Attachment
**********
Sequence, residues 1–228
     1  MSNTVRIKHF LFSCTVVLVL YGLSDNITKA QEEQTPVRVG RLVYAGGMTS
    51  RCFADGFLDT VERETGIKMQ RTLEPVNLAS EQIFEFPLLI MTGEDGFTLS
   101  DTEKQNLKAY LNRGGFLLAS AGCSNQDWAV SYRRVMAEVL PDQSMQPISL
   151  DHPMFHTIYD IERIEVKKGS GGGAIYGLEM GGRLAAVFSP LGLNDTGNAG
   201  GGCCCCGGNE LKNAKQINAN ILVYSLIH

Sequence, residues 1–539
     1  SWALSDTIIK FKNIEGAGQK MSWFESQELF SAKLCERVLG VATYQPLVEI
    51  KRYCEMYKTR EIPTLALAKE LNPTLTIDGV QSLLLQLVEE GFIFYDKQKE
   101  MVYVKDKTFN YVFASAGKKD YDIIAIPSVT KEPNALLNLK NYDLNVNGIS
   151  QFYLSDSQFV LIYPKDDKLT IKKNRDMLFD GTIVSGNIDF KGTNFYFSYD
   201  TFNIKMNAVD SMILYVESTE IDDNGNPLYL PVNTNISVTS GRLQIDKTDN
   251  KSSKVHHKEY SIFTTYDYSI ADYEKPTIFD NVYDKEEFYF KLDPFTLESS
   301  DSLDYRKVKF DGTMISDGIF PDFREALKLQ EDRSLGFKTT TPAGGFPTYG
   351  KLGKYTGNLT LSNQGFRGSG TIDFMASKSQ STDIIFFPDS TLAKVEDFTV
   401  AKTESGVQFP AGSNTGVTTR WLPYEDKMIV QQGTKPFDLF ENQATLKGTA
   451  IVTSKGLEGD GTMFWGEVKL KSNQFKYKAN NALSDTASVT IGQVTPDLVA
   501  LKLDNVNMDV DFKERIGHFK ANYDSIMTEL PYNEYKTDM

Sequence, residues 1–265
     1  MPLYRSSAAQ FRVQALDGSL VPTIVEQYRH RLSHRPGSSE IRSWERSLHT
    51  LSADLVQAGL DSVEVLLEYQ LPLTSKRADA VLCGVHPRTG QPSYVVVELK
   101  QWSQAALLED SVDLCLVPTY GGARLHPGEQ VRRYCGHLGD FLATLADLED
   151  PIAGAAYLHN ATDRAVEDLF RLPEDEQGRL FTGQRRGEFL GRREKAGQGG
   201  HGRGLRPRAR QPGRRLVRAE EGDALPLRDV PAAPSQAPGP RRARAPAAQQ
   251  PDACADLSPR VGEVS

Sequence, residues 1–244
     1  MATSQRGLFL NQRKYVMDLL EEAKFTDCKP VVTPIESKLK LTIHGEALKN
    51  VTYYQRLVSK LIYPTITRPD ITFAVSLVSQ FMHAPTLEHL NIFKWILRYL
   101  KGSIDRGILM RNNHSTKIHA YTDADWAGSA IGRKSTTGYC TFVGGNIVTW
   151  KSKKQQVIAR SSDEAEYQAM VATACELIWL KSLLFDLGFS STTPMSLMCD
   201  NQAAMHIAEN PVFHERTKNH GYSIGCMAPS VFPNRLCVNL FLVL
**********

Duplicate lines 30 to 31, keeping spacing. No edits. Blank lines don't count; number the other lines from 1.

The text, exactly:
   151  KSKKQQVIAR SSDEAEYQAM VATACELIWL KSLLFDLGFS STTPMSLMCD
   201  NQAAMHIAEN PVFHERTKNH GYSIGCMAPS VFPNRLCVNL FLVL